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Faith and community
9 March 2012

Belief and bigotry

What happens when two atheists and two agnostics meet for lunch? When the folk in question are, respectively, John Gray, Alain de Botton, Nassim Nicholas Taleb and Bryan Appleyard, the answer is a very interesting conversation.

Writing for the New Statesman, Bryan Appleyard provides a flavour:

  • "The talk is genial, friendly and then, suddenly, intense when neo-atheism comes up. Three of us, including both atheists, have suffered abuse at the hands of this cult. Only Taleb seems to have escaped unscathed and this, we conclude, must be because he can do maths and people are afraid of maths."

Certainly, it seems that Alain de Botton's recent book Religion for Atheists earned him a deal of abuse:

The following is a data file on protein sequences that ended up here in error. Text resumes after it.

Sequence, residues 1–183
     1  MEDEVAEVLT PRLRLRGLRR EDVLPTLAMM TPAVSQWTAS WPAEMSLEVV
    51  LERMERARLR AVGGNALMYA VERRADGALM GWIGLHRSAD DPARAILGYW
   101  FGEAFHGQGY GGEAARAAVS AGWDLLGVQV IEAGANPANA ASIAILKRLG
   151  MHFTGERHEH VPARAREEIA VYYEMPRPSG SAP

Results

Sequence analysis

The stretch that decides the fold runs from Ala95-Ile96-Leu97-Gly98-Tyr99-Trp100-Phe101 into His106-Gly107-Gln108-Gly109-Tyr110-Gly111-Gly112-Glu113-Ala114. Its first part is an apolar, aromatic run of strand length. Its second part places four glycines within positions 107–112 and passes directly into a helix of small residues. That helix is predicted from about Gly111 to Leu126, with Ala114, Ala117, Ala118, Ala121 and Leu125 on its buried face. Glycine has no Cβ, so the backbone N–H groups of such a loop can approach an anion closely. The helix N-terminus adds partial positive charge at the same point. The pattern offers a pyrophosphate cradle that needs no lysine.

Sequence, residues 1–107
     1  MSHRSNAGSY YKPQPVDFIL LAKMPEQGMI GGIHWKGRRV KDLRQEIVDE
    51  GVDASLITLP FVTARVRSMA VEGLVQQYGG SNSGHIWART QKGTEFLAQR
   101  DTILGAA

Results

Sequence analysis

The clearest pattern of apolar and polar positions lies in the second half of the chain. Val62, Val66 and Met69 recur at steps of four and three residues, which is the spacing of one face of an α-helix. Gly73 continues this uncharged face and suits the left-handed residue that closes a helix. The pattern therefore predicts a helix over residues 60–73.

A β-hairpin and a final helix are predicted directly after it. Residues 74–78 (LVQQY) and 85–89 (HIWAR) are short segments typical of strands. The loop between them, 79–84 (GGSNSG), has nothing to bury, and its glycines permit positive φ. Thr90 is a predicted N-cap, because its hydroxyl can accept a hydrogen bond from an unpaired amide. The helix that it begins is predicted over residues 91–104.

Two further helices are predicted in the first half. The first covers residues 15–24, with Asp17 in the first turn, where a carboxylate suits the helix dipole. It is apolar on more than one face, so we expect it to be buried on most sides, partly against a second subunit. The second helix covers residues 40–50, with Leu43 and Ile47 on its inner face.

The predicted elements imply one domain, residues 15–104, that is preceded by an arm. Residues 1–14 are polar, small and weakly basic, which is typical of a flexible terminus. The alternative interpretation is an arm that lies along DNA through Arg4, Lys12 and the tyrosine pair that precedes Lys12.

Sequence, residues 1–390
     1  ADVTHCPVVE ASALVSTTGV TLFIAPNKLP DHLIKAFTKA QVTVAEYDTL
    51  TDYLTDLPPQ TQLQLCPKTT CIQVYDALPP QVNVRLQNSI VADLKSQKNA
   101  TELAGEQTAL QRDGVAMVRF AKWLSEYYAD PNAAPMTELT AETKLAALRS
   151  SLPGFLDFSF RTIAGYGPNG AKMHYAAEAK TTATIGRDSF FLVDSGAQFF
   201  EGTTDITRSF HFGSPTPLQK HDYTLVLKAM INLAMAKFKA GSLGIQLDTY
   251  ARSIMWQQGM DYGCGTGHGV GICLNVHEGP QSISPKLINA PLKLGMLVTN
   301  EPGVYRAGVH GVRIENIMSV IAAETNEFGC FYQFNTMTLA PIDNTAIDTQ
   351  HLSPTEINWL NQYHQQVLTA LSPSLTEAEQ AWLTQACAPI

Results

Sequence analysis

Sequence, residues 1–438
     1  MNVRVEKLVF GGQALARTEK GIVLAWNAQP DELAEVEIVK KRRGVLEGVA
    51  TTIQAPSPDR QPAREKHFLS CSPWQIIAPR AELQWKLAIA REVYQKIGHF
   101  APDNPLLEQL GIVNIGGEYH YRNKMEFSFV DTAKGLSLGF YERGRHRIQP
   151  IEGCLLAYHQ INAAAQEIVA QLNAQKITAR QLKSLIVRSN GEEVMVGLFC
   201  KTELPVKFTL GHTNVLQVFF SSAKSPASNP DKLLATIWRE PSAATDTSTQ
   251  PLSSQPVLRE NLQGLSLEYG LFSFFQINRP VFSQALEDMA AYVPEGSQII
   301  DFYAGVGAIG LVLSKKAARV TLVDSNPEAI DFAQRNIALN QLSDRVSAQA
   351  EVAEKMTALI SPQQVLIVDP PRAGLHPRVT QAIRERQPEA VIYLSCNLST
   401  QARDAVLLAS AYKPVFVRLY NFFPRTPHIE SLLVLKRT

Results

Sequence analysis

• "To say something along the lines of 'I'm an atheist; I think religions are not all bad' has become a dramatically peculiar thing to say and if you do say it on the internet you will get savage messages calling you a fascist, an idiot or a fool. This is a very odd moment in our culture. Why has this happened?"

But just how new is this culture of abuse? Though latterly assisted by the internet, it is surely part of human nature, to be found among theists and atheists alike – and even between the followers of different strands of conservative thought. 

In the end, bigotry doesn't require an 'ism' of any sort, just a basic lack of kindness and courtesy. 


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